State Street settles forex charges with one of its suitors

State Street, the major forex bank hit with multiple lawsuits over claims of unfair forex pricing, has settled with one

State Street, the major forex bank hit with multiple lawsuits over claims of unfair forex pricing, has settled with one of its suitors. State Street is only one of a several major banks, including BNY Mellon, who are being sued by large investment firms and pension funds for claims of forex prices manipulation.

SAN FRANCISCO/BOSTON – The only U.S. state pension fund known to have settled with State Street Corp over recent foreign exchange trading issues received its “full demand” from the bank, records show, terms that could lay the groundwork for deals elsewhere.

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The Washington State Investment Board reached an $11.7 million agreement with the custodial bank last October, without filing a lawsuit. Other states such as California, Virginia and Florida are taking legal action against custodial banks on behalf of their retirement funds.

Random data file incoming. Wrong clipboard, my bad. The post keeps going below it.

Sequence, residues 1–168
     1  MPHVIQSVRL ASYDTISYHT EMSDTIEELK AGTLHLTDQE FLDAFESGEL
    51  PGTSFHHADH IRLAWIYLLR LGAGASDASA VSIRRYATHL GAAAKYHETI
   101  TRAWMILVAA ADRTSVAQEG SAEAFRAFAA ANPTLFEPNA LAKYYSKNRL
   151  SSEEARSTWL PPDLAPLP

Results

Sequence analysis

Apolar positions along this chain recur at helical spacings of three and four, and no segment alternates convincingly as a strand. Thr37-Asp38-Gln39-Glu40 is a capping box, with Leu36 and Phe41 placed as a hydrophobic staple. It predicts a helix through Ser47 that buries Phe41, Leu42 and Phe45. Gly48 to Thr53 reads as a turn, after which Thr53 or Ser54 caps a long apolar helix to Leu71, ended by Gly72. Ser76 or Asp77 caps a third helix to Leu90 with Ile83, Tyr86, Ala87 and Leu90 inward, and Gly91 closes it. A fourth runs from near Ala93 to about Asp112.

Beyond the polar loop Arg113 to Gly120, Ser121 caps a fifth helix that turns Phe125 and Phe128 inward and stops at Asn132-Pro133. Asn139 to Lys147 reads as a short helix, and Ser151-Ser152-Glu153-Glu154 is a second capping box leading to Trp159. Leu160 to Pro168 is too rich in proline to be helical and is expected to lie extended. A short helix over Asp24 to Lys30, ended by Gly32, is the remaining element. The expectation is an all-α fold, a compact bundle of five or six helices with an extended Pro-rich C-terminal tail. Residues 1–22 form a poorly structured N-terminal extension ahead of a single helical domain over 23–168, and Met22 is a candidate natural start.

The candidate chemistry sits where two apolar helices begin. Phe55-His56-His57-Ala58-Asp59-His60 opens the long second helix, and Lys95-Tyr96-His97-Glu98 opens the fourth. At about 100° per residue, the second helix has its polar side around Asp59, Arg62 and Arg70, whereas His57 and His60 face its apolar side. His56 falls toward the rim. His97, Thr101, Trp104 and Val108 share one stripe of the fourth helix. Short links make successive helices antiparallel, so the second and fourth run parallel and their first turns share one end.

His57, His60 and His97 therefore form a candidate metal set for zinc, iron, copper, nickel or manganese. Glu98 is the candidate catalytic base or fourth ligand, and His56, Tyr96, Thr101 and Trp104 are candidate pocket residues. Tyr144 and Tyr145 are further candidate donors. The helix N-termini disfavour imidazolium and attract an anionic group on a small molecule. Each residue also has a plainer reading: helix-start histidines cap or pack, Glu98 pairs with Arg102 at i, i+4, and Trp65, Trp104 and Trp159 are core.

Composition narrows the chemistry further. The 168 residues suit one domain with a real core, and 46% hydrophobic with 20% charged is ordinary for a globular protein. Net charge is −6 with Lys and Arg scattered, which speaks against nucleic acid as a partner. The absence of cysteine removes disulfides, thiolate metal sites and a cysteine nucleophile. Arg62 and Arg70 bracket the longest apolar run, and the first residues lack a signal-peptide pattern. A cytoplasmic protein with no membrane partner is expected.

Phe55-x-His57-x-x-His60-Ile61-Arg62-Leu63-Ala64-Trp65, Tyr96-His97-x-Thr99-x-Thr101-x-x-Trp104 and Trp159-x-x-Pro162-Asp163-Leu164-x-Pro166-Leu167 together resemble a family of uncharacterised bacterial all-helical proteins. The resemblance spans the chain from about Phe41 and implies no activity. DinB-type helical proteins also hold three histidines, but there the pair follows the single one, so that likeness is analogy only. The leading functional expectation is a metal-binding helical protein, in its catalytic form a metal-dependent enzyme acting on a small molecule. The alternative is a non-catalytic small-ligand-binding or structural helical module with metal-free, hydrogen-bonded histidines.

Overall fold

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State Street and Bank of New York Mellon face whistleblower allegations that they charged unfairly high prices for currency trading transactions, inflating their own profits. They reject accusations of wrongdoing. The lawsuits accuse the banks of charging higher prices than the trades actually were executed at — often the highest price of the day. The banks allegedly deceived the pension funds by giving false reports of the real price. In the Washington dispute, state officials asserted State Street made trades “inconsistent with the contracts” it had to manage public money, according to a settlement document.

The $11.7 million obtained by the WSIB represents the “full demand” that officials representing the pension fund made to the bank, according to minutes from a WSIB subcommittee meeting last November. On Thursday, WSIB executive director Theresa Whitmarsh confirmed that the board received 100 cents on the dollar for its forex claims. The fund also paid no attorneys fees, a state lawyer said at the November meeting.

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